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Dr. M King Hubbert famously predicted peak conventional oil. Supporters point to Hubbert's correct predictions as a source of doom prophecy. Detractors misrepresent Hubbert and point to the unconventional shale oil revolution. Both sides ignore economics and price.

The U.S and world conventional oil production predictions of Hubbert were largely correct. U.S. production peaked in 1970 and world conventional production peaked in 2006, a date later than planned because of political, rather than geological, reasons. Last decade when the oil price was marching higher the peak oil enthusiasts could be heard screaming loudly.

Meanwhile, technology advanced. In 1956 Hubbert could not have known large offshore oil fields would be discovered and developed in places such as the North Sea. These fields are drilled by multi-hundred million dollar drill ships from a mile or more above the ocean floor. Yet today's North Sea oil production is in terminal and inexorable decline.

The unconventional U.S. shale boom is underestimated by all but the most strident bulls. Horizontal drilling was first applied to natural gas by pioneers such as Devon (NYSE:DVN) and Chesapeake (NYSE:CHK). Soon the E&P industry advanced the technology enough and applied it to crude oil (NYSEARCA:USO).

Leonardo Maugeri's recent energy project spoke of an unprecedented worldwide upsurge of oil production. The report was a farce with ridiculous decline rate assumptions. The oil and gas treadmill runs ever increasingly fast.

Price seems to be the forgotten important factor. All new oil production requires a high price to be developed economically. Bear calls for $65 oil ignore drilling capex budgets would be slashed at such a level and production fall. Oil bulls calling for ever high prices do not grasp the outstanding cash flows producers would be reinvesting to increase production.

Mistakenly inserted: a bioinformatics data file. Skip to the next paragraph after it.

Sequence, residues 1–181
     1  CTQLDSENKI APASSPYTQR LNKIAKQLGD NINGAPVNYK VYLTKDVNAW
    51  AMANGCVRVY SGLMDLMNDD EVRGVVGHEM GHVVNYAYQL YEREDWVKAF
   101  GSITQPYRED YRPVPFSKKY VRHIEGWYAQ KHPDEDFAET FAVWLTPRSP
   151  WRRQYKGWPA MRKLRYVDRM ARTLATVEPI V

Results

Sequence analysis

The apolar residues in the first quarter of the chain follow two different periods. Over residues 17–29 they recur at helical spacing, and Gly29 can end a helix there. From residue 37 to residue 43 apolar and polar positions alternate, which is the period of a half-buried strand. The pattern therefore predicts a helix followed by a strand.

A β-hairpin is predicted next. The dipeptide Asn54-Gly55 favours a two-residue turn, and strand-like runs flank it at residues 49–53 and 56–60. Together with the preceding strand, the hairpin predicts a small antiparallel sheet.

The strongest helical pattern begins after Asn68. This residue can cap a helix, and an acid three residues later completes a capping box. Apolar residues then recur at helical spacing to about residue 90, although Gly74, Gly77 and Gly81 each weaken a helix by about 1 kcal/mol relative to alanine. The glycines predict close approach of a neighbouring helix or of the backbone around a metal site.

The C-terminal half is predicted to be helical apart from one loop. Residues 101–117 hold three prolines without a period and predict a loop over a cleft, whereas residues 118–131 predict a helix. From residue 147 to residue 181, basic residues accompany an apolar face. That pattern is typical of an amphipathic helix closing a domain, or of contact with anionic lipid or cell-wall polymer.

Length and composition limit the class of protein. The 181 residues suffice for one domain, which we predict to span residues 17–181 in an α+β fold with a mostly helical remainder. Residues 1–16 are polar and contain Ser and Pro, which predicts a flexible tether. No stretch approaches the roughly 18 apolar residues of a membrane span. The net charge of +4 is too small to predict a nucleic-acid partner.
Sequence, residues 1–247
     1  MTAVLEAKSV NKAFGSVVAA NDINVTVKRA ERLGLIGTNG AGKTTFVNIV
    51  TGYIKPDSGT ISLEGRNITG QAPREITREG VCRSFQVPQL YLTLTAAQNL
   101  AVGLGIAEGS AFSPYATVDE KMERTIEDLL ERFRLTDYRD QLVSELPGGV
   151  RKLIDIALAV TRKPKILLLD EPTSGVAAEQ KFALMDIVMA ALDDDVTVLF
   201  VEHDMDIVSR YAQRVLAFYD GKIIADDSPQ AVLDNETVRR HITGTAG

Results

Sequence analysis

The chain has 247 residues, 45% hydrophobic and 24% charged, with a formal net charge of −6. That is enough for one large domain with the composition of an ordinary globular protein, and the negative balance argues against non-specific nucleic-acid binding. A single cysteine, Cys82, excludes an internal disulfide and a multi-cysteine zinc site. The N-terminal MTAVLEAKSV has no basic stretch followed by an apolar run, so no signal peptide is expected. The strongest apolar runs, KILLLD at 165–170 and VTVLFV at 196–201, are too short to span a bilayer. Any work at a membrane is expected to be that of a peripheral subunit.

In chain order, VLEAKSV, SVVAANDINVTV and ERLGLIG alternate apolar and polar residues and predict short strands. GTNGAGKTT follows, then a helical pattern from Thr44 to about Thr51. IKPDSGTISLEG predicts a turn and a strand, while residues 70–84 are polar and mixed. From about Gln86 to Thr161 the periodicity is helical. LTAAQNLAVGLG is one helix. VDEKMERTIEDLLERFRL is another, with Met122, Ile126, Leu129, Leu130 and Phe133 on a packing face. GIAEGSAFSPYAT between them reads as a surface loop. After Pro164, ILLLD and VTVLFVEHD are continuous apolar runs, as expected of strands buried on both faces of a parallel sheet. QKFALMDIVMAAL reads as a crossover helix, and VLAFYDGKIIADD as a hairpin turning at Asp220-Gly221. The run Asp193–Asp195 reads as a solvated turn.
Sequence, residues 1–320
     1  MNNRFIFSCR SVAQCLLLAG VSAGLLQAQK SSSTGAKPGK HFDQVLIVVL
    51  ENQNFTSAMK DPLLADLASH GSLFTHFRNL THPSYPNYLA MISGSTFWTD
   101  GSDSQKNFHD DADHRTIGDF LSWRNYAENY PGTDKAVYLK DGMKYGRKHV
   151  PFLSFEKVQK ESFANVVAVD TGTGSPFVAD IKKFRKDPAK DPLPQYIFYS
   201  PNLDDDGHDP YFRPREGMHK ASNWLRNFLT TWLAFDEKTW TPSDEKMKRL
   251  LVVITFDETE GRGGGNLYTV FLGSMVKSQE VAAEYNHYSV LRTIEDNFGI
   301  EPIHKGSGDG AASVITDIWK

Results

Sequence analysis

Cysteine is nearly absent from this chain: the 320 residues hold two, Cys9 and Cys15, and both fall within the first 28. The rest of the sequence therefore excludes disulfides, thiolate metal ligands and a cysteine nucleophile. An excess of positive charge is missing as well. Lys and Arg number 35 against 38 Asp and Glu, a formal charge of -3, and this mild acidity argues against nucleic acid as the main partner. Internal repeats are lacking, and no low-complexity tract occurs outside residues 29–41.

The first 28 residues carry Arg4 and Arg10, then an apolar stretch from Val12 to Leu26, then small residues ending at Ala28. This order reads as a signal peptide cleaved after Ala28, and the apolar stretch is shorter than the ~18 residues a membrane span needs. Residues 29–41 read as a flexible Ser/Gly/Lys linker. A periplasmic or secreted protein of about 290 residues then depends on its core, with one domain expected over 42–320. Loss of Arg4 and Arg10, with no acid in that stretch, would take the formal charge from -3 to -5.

Oil production appears to be on an undulating plateau, the shape of which will be determined by price. With higher prices oil production would gently increase as demand is choked. Lower prices will quickly crush producer cash flows given today's very high cost of marginal production. The catalyst for the shale revolution was a new much higher price deck.

EOG Resources (NYSE:EOG) CEO Mark Papa said it well on a recent conference call:

"Two recent concerns I've heard from oil bears involve horizontal shale oil. One concern is will the U.S. create enough shale oil to affect global supply. EOG's forecast is an increase in the U.S. of 2 million barrels of oil per day by 2015, which, we believe, will not impact a 90 million barrel of oil a day global market...

The second concern relates to possible international horizontal oil shale plays and their potential impact on supply. My answer there is maybe it will happen, but it's not likely for another 10 years at least."

Horizontal drilling outside of North America will not arrive in meaningful scale this decade. Without mineral property rights privately owned, no other nation has the mature and developed oil services industry necessary to replicate the boom. Imagine trying to source sand in Poland to frack in France!

The world has the ability meaningfully grow hydrocarbon production through natural gas and coal production, but not crude oil. Join me as I follow developments in these markets.

Source: Peak Oil: Undulating Plateau Shaped By Price